How to create your own USB startup key from scratch on Windows 11

Dave W Shanahan
5 min readMay 20, 2022

Did you know you can use just about any USB drive as a “startup key” on Windows 11? When you enable BitLocker on newer PCs, Windows automatically unlocks your system drive every time you start up your computer using Trusted Platform Module (TPM).

The ability to add an extra level of security with the convenience with using a USB startup key on a BitLocker enabled PC is indispensable. It effectively adds two-factor authentication to BitLocker encryption. Now, your PC won’t even start without the USB startup key inserted for your drive to be decrypted and Windows to start.

It is important to point out the difference between a USB startup key and a USB security key. A USB security key, like the Yubikey 5 Series from Yubico, offer FIDO2 (Fast Online Identification) authentication, which is also offered by Microsoft’s Windows Hello.

A USB startup key prevents a PC from booting into Windows on a BitLocker-enabled drive unless the startup key is present. It’s not quite the same level of protection, but still more secure than just a password, for example.

In this guide, we will show you how to create one from scratch on Windows 11.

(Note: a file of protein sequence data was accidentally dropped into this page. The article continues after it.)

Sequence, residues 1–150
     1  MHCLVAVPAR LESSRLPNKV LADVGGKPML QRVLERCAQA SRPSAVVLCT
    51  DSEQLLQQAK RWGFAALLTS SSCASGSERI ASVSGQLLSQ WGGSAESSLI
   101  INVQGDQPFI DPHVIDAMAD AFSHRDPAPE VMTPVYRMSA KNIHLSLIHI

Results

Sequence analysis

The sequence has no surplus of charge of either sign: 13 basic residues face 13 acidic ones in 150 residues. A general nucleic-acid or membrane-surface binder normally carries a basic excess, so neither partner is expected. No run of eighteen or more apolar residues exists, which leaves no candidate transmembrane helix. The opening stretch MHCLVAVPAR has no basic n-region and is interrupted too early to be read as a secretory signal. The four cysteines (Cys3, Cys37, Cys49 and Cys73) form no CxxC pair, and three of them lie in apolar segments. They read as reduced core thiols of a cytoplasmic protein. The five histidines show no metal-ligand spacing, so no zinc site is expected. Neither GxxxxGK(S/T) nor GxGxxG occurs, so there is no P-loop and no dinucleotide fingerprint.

Create your own USB startup key

Bitlocker is a built-in full disk encryption tool available on Windows 11, that was first introduced in Windows 7. You can create a USB startup key using BitLocker on Windows 11.

However, it’s important to note that this BitLocker method will only work for Windows 11 Professional and Windows 11 Enterprise versions. Windows Home does not come with BitLocker, it uses a different security feature called Device Encryption.

Here’s how to use BitLocker on Windows 11 Pro to create a USB startup key from scratch.

1. Open File Explorer, right click your PC’s system drive (where Windows is installed) and click Turn on BitLocker. In my case, it’s the C: drive.

2. Once the BitLocker process completes, open Local Group Policy Editor. Go to the following path…

Dave W Shanahan Tech Writer. I love to write about Microsoft and other stuff.